An example of a much broader study can be found in K. Bruce Newbold’s article, “Linking immigrant settlement, health, housing, and homelessness in Canada” (2010). In this article, Newbold takes a very broad set of issues and applies them to Canada’s immigrant population as a whole. The result of this lack of specificity is an article that is very vague, and provides little information that can be put to good use. For example, when describing the relationship between immigrants and health care, Newbold writes the following: “immigrants may also experience other barriers to the use of health care facilities, including those created by acculturation stress, social exclusion, gender, culture, or language” (2010, p. 29). Here, Newbold brings up many possible barriers between immigrants and public health care, but fails to offer anything conclusive. A more focussed study may have been able to locate the specific problem facing a certain group, which could have been the first step towards finding a solution. Thus, it is very important to examine Canada’s immigrant population as a group of groups, and not a homogenous mass.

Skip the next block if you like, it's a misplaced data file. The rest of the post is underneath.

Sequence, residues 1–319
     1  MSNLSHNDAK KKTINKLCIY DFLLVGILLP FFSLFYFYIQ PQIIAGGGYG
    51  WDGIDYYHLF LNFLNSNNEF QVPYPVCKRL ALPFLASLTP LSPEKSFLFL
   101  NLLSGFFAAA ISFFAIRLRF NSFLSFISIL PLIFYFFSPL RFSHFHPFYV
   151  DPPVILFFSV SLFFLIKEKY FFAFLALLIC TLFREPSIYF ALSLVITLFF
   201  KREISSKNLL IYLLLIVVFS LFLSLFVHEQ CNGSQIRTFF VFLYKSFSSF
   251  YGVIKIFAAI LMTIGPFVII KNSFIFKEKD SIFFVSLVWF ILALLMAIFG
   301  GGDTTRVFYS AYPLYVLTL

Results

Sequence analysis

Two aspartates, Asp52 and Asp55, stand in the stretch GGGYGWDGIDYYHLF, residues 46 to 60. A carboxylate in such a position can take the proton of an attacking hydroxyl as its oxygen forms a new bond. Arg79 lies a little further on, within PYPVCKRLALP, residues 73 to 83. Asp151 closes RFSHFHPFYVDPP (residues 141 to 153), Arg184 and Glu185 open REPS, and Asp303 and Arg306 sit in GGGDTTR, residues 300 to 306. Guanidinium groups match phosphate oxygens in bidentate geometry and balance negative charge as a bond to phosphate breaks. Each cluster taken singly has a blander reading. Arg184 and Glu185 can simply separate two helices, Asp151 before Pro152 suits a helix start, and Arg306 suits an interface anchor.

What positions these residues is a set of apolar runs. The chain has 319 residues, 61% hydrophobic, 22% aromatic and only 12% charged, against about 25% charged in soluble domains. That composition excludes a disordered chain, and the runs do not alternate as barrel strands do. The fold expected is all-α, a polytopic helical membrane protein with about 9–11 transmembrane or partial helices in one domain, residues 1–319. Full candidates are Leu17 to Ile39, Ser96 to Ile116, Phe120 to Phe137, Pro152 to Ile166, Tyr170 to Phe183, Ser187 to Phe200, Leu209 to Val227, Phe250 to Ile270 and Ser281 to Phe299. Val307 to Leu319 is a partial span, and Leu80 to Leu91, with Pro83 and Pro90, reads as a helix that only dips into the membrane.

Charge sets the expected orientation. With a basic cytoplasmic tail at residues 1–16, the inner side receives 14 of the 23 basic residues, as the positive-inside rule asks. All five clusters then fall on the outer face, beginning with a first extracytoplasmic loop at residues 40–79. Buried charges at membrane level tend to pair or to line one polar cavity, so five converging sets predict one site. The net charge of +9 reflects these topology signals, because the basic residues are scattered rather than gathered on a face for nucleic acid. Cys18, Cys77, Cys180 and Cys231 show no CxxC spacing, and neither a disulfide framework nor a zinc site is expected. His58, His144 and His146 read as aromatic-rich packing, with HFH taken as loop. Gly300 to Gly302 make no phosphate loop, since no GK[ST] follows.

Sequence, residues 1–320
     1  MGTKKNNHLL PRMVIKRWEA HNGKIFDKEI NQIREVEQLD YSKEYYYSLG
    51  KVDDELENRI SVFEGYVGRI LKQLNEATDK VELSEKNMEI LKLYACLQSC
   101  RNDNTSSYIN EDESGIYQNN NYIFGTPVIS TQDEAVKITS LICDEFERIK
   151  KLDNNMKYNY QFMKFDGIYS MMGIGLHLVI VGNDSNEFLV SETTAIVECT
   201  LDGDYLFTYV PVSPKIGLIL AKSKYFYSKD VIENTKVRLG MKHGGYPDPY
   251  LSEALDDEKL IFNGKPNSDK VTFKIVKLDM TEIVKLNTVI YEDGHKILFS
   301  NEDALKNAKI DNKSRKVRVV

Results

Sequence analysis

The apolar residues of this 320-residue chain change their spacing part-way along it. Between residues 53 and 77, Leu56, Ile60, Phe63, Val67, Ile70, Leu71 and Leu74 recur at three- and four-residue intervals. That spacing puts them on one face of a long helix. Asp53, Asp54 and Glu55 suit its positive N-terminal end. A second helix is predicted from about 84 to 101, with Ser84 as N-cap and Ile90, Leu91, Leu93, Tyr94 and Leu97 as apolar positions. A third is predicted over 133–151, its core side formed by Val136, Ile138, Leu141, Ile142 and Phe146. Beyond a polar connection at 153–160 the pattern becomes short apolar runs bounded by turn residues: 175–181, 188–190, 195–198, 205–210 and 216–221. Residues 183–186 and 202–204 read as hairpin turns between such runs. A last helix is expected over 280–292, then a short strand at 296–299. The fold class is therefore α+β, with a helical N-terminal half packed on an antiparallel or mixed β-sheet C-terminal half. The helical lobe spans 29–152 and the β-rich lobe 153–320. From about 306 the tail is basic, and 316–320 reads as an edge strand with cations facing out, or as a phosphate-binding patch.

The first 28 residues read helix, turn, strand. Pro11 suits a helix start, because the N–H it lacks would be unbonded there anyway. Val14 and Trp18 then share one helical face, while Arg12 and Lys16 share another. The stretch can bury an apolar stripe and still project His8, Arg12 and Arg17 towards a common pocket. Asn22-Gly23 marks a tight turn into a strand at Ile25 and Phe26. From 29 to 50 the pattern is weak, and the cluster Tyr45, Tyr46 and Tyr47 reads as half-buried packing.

Of course, Canadian multiculturalism is much more complicated than simply being an issue of immigration. Even many years after families have come to Canada, they are still considered part of the cultural mosaic, even if they might not be considered part of the immigrant population anymore. These people are occasionally referred to as the English speaking parts of the population, to differentiate them from the newly arrived who might not yet have a grasp of the language. This choice of nomenclature, however, causes some problems due to the fact that Canada is not an entirely English speaking country. In her essay, “On the dark side of the nation: politics of multiculturalism and the state of Canada” (2000), Himanji Bannerji writes about the effects Canada’s English/French split has on multiculturalism. Specifically, Bannerji makes note of, “the binary cultural identity of the country to whose discourse, ‘new comers’ are subjected” (2000, p. 91), which makes clear the fact that even after taking into account that Canada is multicultural, there are other divisions among the populace. For example, an African person who moves to Ontario will be put in a very different cultural position than an African person who moves to Quebec, simply because each person will have to learn a different new language in order to adapt. The result of this division is that even two people from the same city might end up as very different Canadians, due to the language barrier. Conversely, two people from very different cultures might be given some form of unity if they find themselves on the same side of the language divide. The split between English and French speaking Canada is a piece of the culture that exists alongside any multiculturalism, and is an equally important piece of Canada’s national identity.